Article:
For Reel


A Thousand and One Nights (1945)
August 17, 2015, 4:00 pm
Filed under: Reviews | Tags: , ,

Director: Alfred E. Green
3.5 Stars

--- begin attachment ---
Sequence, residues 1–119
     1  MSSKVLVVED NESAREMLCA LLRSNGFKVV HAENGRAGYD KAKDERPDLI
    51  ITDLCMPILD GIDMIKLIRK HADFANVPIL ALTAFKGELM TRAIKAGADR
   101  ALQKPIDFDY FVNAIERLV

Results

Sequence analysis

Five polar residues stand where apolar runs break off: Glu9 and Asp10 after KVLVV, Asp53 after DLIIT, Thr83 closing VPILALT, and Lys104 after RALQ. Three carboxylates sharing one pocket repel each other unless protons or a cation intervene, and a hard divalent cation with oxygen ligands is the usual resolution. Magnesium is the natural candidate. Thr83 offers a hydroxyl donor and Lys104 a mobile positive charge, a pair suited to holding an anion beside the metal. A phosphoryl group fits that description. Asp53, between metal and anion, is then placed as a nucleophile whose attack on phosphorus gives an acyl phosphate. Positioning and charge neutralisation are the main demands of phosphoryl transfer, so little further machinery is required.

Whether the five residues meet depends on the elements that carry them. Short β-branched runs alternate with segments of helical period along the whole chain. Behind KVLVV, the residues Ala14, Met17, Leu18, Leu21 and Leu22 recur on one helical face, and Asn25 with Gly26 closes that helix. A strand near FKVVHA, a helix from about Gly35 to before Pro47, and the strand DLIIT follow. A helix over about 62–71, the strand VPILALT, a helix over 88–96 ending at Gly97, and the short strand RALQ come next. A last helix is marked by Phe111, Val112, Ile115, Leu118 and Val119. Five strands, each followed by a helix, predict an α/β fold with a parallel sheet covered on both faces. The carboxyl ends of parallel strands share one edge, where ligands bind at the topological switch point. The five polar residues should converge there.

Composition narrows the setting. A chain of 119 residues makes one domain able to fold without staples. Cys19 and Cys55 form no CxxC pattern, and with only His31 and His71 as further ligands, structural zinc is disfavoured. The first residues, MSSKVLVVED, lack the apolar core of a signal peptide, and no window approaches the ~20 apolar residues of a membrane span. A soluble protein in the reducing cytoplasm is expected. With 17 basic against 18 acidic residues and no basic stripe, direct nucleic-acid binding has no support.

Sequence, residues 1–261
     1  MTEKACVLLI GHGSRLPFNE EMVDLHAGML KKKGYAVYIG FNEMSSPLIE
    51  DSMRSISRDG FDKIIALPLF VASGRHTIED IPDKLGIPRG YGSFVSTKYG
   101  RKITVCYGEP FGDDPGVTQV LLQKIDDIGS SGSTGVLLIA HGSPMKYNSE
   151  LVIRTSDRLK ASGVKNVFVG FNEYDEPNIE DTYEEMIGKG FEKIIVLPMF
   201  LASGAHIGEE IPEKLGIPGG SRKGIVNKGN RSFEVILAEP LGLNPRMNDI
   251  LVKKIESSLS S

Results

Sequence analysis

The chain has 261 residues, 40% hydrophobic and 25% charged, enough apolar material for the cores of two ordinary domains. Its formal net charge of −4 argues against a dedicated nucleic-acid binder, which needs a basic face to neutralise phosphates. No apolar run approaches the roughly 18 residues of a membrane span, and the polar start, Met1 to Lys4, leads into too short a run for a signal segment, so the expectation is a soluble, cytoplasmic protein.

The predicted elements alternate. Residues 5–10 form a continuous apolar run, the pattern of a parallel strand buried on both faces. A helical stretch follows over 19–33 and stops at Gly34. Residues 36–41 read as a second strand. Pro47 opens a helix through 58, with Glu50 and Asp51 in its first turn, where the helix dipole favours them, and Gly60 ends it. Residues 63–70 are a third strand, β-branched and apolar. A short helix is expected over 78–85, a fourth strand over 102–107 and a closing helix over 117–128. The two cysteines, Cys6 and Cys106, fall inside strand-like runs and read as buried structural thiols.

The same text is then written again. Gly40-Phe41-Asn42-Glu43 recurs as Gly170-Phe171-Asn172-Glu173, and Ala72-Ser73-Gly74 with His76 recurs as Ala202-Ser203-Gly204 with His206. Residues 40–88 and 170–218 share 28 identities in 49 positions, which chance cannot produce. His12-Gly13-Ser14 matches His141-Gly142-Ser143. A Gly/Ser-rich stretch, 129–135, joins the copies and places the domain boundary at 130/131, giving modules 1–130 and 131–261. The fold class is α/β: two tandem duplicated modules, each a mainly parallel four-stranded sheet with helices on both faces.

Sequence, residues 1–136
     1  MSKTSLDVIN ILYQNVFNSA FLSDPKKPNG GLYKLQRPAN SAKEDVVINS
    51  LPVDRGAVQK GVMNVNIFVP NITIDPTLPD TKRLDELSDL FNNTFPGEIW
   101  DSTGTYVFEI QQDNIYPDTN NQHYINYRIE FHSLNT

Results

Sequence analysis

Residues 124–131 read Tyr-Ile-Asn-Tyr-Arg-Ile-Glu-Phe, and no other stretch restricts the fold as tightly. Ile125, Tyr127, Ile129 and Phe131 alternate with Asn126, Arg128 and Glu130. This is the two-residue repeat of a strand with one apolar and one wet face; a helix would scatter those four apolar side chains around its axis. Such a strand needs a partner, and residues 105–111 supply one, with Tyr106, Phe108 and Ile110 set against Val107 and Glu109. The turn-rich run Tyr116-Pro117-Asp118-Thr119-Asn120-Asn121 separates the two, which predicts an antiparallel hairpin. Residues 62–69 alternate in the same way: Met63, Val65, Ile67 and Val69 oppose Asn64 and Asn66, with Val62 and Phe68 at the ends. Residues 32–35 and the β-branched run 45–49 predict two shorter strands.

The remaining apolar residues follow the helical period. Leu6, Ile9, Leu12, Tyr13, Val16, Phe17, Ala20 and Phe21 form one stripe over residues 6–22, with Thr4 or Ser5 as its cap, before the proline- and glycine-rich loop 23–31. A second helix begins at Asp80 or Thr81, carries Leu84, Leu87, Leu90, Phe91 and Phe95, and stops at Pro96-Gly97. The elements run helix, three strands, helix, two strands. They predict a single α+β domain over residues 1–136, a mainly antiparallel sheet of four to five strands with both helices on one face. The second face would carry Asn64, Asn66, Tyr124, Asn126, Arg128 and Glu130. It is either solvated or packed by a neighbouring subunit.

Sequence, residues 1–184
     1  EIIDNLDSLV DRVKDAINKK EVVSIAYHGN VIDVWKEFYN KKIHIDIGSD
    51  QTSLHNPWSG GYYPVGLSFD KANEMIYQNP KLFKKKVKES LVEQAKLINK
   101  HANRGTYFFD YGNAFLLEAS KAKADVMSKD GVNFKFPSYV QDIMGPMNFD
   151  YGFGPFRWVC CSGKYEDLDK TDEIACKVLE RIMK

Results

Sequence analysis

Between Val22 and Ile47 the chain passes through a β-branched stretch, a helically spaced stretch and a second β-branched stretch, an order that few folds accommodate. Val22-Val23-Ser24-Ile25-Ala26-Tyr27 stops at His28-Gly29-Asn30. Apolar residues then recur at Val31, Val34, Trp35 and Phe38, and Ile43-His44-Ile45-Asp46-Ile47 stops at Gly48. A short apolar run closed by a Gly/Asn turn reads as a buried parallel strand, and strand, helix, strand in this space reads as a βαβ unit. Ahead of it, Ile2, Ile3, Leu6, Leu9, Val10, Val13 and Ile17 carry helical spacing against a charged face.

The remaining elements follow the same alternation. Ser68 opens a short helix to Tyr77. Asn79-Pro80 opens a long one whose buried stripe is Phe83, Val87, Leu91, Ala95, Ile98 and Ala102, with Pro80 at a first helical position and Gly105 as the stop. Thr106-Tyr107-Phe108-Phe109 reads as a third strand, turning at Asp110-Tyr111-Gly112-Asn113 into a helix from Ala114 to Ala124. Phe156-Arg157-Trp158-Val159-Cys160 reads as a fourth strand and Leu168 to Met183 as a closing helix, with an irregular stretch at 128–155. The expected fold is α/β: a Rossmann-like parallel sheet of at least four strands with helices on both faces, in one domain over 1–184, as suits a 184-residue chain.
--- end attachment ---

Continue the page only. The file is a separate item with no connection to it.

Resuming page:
A Thousand and One NightsMedieval swashbucklers had been plentiful in the 1930s and would arguably find their greatest success in the early 1940s, but the release of The Thief of Bagdad in 1940 did have a significant effect in turning Hollywood’s eye towards Middle Eastern mythology once again. A Thousand and One Nights not only capitalizes on the genre with an A-budget (including lavish sets and an impressive array of colorful costumes) and a focus on the fantastical, but serves as a direct parody of The Thief of Bagdad–a fact made quite clear when Rex Harrison shows up as the same Giant he played from the previous film. As with the Bob Hope-starring The Princess and the Pirate from the previous year, the film is a visual marvel and nicely straddles its genres. Although some viewers will be irritated by the antics of Phil Silvers (who plays an anachronistic character “born 2,000 years early”), Cornel Wilde plays Aladdin straight and finds some success in his agreeable blandness. The real star of the picture, however, is Evelyn Keyes as the genie who falls hopelessly in love with Aladdin. Her jealousy causes much of the dramatic conflict in the latter half of the picture, but her facetious treatment of the character always favors well-meaning snark over what could have been an indignant, misogynistic creation.